Previous studies have documented that tumor BM is a complicated process, including steps such as the detachment of cells from the primary tumor, invasion of the extracellular matrix (ECM), travel through the bloodstream to arrest at a secondary site, and extravasation from the vasculature to establish metastasis in a new organ [9]. Numerous animal experiments and clinical trials appear to support Paget’s ‘seed and soil’ hypothesis for non-random metastatic spread [10,11]. Although the initial steps for the metastasis of primary tumor cells may significantly overlap, the circulation patterns, extravasation barriers, and potential to survive in foreign tissue varies with the molecular subtype of the primary tumor [12]. Molecular cross-talk between primary BC and other cells in the surrounding microenvironment, as well as the role of primary BC cells in modulating the brain microenvironment during metastasis, are also key factors driving metastatic outgrowth [13,14]. Evidence has shown that, prior to reaching the brain, some metastatic primary BC cells already express proteins that are essential for the establishment of brain metastases, including serpins [15], matrix metalloproteases [16], and αB-crystallin [17]. BCBM cells overexpress bone morphogenic proteins (BMPs) to promote the differentiation of neural progenitor cells (NPCs) into astrocytes and create a permissive microenvironment which allows cancer cells to colonize and proliferate [18]. Until now, extensive work in identifying driver genes of BCBM has provided some potential explanations for its metastasis to the brain. However, the underlying mechanisms involved in the invasion and metastatic outgrowth of BC cells into the CNS are largely unknown, and a novel option for the prevention or treatment of BM is unavailable [19].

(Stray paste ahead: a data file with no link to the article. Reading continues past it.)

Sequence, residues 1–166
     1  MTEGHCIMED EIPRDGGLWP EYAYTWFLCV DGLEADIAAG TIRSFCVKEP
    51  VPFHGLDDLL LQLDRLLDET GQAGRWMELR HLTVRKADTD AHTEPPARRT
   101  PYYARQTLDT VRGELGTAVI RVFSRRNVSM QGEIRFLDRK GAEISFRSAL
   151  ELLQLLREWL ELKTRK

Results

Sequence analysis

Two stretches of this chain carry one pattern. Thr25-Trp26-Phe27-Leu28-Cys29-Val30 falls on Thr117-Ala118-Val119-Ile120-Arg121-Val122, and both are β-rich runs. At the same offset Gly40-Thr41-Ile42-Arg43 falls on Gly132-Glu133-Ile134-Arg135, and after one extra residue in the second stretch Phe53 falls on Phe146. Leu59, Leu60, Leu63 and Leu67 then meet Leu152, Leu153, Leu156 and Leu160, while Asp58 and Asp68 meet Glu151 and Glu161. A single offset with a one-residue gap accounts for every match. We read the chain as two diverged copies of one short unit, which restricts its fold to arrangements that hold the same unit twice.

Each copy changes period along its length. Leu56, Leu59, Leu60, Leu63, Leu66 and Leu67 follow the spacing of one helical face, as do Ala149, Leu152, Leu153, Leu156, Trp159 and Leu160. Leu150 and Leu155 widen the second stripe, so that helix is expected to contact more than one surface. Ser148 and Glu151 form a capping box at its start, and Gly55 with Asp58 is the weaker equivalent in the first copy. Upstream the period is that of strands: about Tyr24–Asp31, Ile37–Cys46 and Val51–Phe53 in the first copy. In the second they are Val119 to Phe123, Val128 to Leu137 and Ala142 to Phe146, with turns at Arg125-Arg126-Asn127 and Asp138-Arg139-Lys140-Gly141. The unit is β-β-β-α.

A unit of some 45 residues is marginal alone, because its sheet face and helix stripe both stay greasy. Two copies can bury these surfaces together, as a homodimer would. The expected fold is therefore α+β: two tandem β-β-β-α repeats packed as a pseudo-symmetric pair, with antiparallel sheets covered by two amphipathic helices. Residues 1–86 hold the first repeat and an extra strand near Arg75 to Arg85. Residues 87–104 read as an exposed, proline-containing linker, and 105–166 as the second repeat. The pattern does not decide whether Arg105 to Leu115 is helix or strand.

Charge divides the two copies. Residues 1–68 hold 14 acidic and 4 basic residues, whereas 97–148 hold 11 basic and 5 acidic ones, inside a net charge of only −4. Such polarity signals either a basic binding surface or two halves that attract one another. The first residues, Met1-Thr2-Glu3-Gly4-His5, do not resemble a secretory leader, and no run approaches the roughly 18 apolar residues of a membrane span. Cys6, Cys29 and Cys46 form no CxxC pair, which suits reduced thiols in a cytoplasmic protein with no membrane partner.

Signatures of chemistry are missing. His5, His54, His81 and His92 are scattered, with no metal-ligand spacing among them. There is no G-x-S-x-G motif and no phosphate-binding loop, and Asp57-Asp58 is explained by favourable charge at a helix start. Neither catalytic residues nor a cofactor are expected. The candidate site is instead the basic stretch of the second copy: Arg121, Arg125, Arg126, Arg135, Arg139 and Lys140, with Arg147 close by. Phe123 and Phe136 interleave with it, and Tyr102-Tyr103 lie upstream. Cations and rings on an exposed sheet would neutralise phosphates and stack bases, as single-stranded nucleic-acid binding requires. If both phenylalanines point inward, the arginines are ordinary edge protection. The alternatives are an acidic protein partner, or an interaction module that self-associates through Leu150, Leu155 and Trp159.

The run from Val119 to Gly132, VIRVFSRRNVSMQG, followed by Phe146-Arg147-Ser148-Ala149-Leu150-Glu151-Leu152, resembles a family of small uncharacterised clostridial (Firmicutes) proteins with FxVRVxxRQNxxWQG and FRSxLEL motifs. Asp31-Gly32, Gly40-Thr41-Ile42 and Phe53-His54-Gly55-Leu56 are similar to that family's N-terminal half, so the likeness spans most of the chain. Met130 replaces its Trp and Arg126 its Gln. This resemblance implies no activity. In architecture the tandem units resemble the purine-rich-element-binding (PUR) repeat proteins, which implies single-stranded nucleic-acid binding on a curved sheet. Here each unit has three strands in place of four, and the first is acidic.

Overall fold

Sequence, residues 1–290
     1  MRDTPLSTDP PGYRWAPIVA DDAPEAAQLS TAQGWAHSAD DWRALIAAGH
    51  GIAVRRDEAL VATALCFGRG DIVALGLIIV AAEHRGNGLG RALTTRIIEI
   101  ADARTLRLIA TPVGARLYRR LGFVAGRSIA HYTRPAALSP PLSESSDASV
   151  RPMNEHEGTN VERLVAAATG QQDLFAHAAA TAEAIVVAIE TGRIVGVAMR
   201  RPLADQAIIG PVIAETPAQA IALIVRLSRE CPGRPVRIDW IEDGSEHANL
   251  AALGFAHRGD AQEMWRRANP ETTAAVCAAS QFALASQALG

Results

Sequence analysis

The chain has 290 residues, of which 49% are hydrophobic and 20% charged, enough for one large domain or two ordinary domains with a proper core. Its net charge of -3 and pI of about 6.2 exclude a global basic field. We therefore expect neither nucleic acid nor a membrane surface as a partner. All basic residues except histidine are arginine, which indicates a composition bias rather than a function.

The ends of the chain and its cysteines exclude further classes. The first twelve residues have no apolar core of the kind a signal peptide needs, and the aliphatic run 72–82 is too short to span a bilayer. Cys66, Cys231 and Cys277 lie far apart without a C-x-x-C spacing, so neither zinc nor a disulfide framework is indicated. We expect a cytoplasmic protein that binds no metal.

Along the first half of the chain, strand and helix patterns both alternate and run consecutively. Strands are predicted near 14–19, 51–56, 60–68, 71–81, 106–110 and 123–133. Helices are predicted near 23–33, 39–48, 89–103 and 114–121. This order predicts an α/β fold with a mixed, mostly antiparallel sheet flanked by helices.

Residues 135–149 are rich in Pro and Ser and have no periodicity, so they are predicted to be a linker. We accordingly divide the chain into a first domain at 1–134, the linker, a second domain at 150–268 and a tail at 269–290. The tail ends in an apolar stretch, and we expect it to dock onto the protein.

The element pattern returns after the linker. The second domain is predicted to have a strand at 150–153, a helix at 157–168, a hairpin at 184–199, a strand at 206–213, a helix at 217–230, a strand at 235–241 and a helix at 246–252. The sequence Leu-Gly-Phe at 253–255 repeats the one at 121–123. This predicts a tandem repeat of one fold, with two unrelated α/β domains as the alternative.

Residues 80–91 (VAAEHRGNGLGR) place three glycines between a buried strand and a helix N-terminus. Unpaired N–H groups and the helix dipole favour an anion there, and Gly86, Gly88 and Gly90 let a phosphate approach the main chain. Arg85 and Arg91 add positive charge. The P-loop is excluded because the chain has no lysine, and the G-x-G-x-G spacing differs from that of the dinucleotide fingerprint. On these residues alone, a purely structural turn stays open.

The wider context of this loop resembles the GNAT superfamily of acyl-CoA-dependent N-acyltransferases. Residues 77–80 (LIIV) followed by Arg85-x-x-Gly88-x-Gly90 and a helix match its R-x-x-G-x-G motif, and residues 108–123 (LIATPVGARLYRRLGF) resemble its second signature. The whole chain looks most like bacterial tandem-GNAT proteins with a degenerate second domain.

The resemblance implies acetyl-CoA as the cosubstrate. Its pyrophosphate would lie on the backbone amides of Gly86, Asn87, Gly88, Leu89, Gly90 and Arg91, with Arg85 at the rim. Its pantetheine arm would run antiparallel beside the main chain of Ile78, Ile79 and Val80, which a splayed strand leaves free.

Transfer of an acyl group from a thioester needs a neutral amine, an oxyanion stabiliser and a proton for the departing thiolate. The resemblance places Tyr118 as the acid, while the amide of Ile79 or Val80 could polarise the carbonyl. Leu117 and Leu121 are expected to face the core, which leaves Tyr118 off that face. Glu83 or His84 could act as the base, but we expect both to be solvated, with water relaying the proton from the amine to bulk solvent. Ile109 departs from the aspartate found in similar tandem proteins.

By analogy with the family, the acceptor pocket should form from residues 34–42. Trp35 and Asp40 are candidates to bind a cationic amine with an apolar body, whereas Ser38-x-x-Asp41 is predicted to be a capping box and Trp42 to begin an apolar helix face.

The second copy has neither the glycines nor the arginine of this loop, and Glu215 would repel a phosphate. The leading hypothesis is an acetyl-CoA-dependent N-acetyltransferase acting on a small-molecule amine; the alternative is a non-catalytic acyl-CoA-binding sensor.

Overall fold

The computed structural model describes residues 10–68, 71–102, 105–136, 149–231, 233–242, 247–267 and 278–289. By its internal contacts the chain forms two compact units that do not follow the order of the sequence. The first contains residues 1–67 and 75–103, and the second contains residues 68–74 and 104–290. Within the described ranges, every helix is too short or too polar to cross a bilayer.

With the development of genomics and bioinformatics, large amount of BC-related data are publicly available in several databases. Bioinformatics is a useful tool for extracting valuable information from existing data at a relatively low cost, and can help identify novel diagnostic biomarkers of BCBM [20,21]. In this study, by screening differentially expressed genes (DEGs) between BC patients with and without BM in two individual Gene Expression Omnibus (GEO) datasets, we aimed to explore potentially important genes associated with BCBM, and to investigate more information about the microenvironmental influence on BCBM development. The present study may help contribute to preventing BCBM at early stages in the future.

Materials and methods

Microarray data

Datasets were obtained from the National Center of Biotechnology Information (NCBI) GEO (https://www.ncbi.nlm.nih.gov/geo/) database. Two datasets (GSE125989 [22] and GSE100534 [23]) were used in the present study. The samples in the GSE125989 and GSE100534 datasets were detected using the Affymetrix Human Genome U133A 2.0 Array and the Affymetrix Human Gene 1.0 ST Array, respectively.

Data processing